To perform CUT&Tag  for whole tissues (“whole-mount CUT&Tag”), we dissected 10 testes from one-day-old adults or 10 imaginal wing discs from 3rd instar larvae in PBS buffer supplemented with cOmplete protease inhibitor (Roche 11697498001). Dissected tissues were permeabilized with 0.1% Triton/PBS for 30 minutes at room temperature, and then manually transferred into the following CUT&Tag solutions sequentially between wells of a glass dissection plate: primary antibody solution (diluted in Wash+ buffer (20 mM HEPES pH 7.5, 150 mM NaCl, 0.5 mM spermidine, 2 mM EDTA, 1% BSA, with cOmplete protease inhibitor)) overnight at 4°, secondary antibody solution (in Wash+ buffer) for 1 hour at room temperature, and then incubated with loaded protein-A-Tn5 (in 300Wash+ buffer (20 mM HEPES pH 7.5, 300 mM NaCl, 0.5 mM spermidine with cOmplete protease inhibitor) for 1 hour. After one wash with 300Wash+ buffer, samples were incubated in 300Wash+ buffer supplemented with 10 mM MgCl2 for 1 hour at 37° to tagment chromatin. Tissues were then dissociated with collagenase (2 mg/mL, Sigma C9407) in HEPESCA (50mM HEPES buffer pH 7.5, 360 µM CaCl2) solution at 37° for 1 hour. We then added SDS to 0.16%, protease K to 0.3 mg/mL, and EDTA to 16 mM and incubated at 58° for 1 hour, and DNA was purified by phenol:chloroform extraction and ethanol precipitation. Libraries were prepared as described (Kaya-Okur et al., 2019) (https://www.protocols.io/view/bench-top-cut-amp-tag-kqdg34qdpl25/v3), with 14 cycles of PCR. Libraries were sequenced in PE50 mode on the Illumina NextSeq 2000 platform at the Fred Hutchinson Cancer Center Genomics Shared Resource.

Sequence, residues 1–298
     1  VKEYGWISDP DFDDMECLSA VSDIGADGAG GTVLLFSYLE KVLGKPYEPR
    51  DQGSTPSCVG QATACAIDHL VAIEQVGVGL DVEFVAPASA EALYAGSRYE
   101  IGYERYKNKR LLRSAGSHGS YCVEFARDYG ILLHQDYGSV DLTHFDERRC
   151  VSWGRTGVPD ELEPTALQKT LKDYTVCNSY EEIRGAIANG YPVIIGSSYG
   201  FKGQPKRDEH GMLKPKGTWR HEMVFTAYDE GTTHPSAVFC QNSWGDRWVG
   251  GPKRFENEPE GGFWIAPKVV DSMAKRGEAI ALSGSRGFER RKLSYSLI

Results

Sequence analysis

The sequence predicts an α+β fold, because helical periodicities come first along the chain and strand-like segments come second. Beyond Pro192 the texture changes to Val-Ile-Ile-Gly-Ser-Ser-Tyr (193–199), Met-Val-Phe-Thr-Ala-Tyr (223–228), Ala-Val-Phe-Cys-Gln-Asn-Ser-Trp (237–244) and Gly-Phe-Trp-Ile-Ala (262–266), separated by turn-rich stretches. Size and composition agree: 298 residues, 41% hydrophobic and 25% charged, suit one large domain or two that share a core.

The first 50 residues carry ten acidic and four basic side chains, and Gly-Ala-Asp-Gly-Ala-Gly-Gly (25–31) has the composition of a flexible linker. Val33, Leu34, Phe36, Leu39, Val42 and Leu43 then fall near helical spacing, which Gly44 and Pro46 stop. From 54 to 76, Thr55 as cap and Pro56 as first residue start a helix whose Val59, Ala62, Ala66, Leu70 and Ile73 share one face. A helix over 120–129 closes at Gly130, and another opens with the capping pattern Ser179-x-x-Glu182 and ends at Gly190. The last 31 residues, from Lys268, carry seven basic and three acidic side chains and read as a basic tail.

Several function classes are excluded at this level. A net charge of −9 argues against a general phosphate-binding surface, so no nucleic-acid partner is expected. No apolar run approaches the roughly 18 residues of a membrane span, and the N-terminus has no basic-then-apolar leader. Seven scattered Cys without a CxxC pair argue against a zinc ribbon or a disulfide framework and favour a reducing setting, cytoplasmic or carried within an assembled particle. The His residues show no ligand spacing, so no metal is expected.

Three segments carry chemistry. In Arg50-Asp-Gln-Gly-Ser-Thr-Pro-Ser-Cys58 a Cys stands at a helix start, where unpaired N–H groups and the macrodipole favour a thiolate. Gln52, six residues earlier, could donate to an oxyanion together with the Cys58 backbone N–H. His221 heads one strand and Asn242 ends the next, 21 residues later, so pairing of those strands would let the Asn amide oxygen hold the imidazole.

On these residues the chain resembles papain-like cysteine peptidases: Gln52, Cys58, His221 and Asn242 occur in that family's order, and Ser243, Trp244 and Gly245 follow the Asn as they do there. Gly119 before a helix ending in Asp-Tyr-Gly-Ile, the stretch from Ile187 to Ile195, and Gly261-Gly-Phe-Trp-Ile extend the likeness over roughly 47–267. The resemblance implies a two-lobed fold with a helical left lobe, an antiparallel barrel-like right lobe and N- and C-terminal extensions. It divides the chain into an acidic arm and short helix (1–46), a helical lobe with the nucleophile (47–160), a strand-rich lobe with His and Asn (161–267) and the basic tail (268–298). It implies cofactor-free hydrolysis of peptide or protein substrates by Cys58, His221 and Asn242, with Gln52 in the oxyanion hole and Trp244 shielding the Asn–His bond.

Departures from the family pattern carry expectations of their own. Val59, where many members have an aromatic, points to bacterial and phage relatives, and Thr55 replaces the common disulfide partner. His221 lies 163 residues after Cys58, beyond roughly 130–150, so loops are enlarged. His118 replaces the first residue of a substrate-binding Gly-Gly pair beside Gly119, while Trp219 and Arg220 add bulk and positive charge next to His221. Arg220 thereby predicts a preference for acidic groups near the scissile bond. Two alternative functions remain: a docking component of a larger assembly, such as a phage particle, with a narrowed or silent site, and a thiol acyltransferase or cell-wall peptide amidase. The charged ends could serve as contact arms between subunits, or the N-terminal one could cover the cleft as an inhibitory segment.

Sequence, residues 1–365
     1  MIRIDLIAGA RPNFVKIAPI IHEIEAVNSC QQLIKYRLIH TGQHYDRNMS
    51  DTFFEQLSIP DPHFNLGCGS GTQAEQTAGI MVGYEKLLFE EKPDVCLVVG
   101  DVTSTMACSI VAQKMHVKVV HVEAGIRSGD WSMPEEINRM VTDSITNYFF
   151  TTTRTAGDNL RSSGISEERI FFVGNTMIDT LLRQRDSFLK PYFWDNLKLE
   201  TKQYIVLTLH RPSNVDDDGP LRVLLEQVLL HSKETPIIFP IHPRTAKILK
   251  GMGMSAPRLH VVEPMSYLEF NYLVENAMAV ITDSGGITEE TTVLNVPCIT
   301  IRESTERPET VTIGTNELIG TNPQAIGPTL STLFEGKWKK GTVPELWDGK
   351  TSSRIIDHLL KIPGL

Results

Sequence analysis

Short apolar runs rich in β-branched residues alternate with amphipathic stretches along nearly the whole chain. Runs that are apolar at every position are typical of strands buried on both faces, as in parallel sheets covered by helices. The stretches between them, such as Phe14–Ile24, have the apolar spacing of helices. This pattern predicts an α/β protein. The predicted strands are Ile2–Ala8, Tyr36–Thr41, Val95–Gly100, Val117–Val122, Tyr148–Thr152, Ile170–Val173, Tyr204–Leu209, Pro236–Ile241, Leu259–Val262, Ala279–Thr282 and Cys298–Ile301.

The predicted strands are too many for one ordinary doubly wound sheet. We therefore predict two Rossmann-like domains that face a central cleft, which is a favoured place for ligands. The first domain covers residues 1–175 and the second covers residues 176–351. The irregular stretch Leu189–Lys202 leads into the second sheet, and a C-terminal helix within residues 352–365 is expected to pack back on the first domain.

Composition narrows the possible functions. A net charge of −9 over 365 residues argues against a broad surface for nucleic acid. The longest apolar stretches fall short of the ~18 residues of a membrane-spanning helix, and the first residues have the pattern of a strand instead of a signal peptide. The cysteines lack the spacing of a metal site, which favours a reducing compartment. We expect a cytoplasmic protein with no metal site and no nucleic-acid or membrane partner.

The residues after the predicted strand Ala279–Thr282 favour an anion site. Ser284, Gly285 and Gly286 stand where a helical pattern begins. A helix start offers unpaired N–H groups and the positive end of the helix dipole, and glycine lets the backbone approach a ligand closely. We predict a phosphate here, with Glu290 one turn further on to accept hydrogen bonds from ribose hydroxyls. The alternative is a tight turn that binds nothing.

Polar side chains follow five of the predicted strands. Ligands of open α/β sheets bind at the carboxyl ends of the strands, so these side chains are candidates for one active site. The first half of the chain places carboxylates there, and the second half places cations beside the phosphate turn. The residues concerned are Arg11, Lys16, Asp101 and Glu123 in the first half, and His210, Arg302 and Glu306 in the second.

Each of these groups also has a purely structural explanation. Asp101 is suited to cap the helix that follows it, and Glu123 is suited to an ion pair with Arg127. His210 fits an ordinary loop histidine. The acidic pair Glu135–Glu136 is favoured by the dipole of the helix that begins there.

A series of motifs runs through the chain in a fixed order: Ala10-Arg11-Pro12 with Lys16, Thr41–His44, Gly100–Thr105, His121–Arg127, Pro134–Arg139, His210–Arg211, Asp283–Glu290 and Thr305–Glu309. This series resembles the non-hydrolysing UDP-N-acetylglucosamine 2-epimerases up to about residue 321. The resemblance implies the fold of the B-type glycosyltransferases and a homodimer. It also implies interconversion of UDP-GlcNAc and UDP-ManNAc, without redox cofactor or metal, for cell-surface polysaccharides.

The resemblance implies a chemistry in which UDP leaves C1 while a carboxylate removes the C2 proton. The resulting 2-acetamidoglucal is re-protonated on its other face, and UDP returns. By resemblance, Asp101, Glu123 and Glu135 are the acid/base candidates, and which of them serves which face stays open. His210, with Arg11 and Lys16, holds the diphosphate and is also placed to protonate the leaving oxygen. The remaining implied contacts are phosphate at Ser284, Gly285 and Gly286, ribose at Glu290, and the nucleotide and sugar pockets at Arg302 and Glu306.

FACS-CUT&Tag of spermatocytes
40 testes were dissected from one-day old adult heph-GFP males and digested in 200 µL of 2 mg/mL collagenase (Sigma C9407) in HEPESCA solution at 37° for one hour. The sample was then repeatedly pipetted with a P200 pipette tip to dissociate the tissue, then passed through a 35 µM filter with 5 mL collection tube (Corning 352235) on ice. The filter was washed with PBS to bring the total volume of collected filtrate to 1 mL. A Sony MA900 Multi-Application Cell Sorter with a 100 µM nozzle, flow pressure of 2, GFP laser settings of 32% and FSC=1 was used for isolating cells. Isolated cells were collected in 1 mL of PBS in 5 mL tubes. Benchtop CUT&Tag was performed on these samples as described [Kaya-Okur et al, 2019], and sequenced in PE50 paired-end mode.
To streamline analysis of repetitive transposons in the fly genome, we used a modified version of the release r6.30 D. melanogaster genome for mapping where repetitive sequences are masked out of the genome (http://hgdownload.cse.ucsc.edu/goldenPath/dm6/bigZips/dm6.fa.masked.gz) and with consensus sequences for 128 transposon sequences (https://github.com/bergmanlab/drosophila-transposons/blob/master/misc/D_mel_transposon_sequence_set.fa) appended [Ashburner et al, 2021]. Paired-end reads were mapped to this assembly using Bowtie2 (using parameters, e.g.: -- end-to-end --very-sensitive --no-mixed --no-discordant -q --phred33 -I 10 -X 700).